As we think about a way forward after the election, I want to introduce some artists who are already making a difference. They have committed their art practice to exposing issues that are kept invisible.
Now that so many core beliefs and accepted social practices may be systematically undone by the new administration, support for artists who engage issues with compassion and intelligence is more important than ever.
An exhibition that I co-curated with anthropologist Mark Auslander titled “Liberty Denied: Immigration, Detention and Deportation” is at the Museum of Culture and Environment at Central Washington University (until December 10; Wed to Fri 11-4 and Sat 10-3). It features fourteen artists who address the almost invisible detention and deportation system.
Currently, Immigration and Customs Enforcement (ICE) identify undocumented immigrants, often as a result of a minor traffic violation or racial profiling, and then put them in detention. Over 30,000 immigrants are detained at a time in 200 detention centers nationwide. With over 1500 beds, the Northwest Detention Center in Tacoma, run by the for-profit GEO Corporation under a contract with ICE, is one of the largest in the country. The detainees live in inhumane and illegal conditions with no privacy, poor health care and terrible food. They are forced to do the work of the center for one dollar a day.
Since lack of documentation is a civil offense, detainees have none of the rights provided by our criminal justice system. Deportees are taken to buses often in the middle of the night and returned to countries in which they have often never lived or left many years ago, leaving behind families in the US.
The artists in this exhibition explore some of these experiences starting with socio-economic and political forces that lead to migration, such as US government free trade agreements that bankrupt farmers, and globalized companies that steal land from indigenous people. Some address the terrifying border crossing. Eroyn Flynn details life inside a detention center in her fold out book. Others speak directly of the suffering of families.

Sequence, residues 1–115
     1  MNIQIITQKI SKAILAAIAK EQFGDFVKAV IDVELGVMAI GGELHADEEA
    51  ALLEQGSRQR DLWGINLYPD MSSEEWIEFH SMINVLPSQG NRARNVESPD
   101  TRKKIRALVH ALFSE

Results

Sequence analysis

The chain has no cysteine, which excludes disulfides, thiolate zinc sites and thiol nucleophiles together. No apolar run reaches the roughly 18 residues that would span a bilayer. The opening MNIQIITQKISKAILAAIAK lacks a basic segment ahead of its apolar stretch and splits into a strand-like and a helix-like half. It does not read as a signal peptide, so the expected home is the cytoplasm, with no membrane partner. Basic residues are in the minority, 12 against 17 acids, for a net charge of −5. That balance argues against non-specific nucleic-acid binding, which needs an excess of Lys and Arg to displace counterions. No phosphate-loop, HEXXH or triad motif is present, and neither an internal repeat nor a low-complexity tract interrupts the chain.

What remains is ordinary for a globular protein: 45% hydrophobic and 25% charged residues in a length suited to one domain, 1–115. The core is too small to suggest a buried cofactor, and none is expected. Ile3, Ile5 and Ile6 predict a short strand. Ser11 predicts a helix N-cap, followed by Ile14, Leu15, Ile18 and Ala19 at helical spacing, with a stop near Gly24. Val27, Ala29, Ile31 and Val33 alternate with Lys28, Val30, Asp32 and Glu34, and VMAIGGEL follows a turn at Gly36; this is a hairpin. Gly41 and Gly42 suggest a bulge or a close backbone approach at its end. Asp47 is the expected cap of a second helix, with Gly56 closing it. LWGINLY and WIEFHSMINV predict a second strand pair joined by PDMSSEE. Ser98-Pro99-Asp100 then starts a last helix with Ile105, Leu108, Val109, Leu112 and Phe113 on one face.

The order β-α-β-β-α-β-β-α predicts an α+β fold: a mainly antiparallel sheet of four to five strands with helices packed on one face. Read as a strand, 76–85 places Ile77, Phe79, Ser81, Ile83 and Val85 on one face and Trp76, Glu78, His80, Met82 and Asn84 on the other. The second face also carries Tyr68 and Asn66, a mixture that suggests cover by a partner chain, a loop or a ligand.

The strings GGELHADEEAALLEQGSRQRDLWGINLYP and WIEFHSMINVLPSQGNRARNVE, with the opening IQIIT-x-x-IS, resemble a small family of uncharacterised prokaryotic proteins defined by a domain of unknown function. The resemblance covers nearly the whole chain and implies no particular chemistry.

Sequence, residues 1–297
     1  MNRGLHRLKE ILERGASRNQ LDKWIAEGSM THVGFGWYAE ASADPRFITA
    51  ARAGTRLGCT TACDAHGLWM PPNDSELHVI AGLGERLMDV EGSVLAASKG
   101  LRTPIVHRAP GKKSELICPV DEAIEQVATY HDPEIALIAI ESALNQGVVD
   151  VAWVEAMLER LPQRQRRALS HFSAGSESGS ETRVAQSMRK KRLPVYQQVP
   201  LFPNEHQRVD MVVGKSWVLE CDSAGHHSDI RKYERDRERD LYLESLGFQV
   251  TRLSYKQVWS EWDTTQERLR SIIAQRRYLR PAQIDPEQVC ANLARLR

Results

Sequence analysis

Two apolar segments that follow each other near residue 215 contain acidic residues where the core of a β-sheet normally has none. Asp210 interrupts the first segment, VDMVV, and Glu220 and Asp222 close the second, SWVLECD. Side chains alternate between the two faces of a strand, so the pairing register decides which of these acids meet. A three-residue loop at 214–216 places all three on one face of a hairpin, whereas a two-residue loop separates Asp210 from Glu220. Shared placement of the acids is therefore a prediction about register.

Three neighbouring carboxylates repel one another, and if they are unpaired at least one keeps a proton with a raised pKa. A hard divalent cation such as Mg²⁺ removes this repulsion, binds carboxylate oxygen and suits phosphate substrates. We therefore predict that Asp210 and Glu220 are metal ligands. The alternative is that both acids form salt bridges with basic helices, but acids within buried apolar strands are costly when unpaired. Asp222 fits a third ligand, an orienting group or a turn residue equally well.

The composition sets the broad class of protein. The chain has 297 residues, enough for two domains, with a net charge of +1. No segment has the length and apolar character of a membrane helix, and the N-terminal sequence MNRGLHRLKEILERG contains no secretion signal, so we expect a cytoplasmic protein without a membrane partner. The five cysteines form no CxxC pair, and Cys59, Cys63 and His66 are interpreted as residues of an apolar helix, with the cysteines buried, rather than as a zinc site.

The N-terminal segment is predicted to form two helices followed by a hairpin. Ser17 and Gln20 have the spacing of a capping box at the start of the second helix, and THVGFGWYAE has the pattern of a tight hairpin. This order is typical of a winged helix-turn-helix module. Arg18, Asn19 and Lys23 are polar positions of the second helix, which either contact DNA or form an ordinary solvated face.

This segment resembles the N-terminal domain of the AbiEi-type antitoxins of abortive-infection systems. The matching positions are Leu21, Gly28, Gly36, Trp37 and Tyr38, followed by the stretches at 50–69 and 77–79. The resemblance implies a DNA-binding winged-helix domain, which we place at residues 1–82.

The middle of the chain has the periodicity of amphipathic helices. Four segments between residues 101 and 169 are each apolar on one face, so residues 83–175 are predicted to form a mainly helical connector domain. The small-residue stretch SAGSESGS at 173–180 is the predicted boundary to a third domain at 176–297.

In contrast, Blanca Santander’s beautiful painting “Daughters of Immigration” celebrates the strength of women who survive immigration.
Three works were originally commissioned by the Wing Luke Museum of the Asian-Pacific Experience in Seattle when the old Immigration and Naturalization Service (INS) building in Seattle was vacated for the draconian facility in Tacoma. Dean Wong’s haunting photographs document the empty, eerie building. Robb Kunz provides interviews with immigrants about their experiences. Christian French gives us the “INS Game,” the arbitrary process of acquiring legal status, still embedded in the floor of the INS building, made into a card game for “Liberty Denied.”
We even had artwork from a detainee at the Tacoma Detention center. Pavel Bahmatov sent purses and other objects woven from ramen and candy wrappers and cut with dental floss.
Deborah Lawrence gives us the facts about the toxic location and toxic treatment of the detention center itself, in one of her incredible collage works called “Welcome.”
Her one-person exhibition “Open Carry” at King County’s 4 Culture Gallery just closed on December 1. One of the most political artists in Seattle, her art at 4 Culture addressed many issues including the Standing Rock protest, the problems with the Second Amendment, fracking and the exploitation of national parks, hate crimes, and even the Pledge of Allegiance.
Part II The Artnauts
On another inspiring note, I recently met the “Artnauts” a collective of about 20 artists led by the dynamic George Rivera, a Professor of Art at the University of Colorado, Boulder. The Artnauts have been traveling the world since 1995, going to zones of conflict and offering art, communication, dialog, and mutual understanding. In their words: “The collective uses the arts as a tool for addressing global issues while connecting artists from around the world.” They have created exhibitions with local artists in Palestine, Bosnia, the Amazon, Colombia, Mexico, Guatemala, Peru, South Africa, Russia, China and many more. As they go to these places, they are also immeasurably enriched by the experience.
They invited me to speak at their twentieth anniversary exhibition at Red Line Gallery in Denver, Colorado. In addition to the anniversary exhibition, which highlighted ten of their previous exhibitions, they held a special exhibition of new works, “Rally Round the Flag,” curated by Linda Weintraub. All of the works are critiques, with the flag as an abstraction, a metaphor, a source of irony. Of course, we immediately think of the US flag as the subject, but there were many types of flags.
For example, Trine Buhmiller, inspired by her Artnaut exhibition in Sarejevo last winter, created a tent like shape with prayer flags to honor the nightmare of the Bosnians; on the flags she painted the image of the Sarajevo roses superimposed on photographs of the still visible ruins of the city. Red “Sarejevo roses” were painted on sidewalks where sniper’s bullets landed.
Andrew Connor featured a queen size bed with the US and Israeli flags sewn together, “in bed together” and under the transparent sheet we could see the Palestinian flag barely visible. The group has visited Palestine many times, and collaborated with Palestinian artists, most recently this summer in “Art and Resistance,” an exhibition for which I wrote a catalog essay.
We can look to these artists and others to inspire us as we plan our resistance to the national nightmare currently unfolding like a slow, long-lasting earthquake.
~Susan Noyes Platt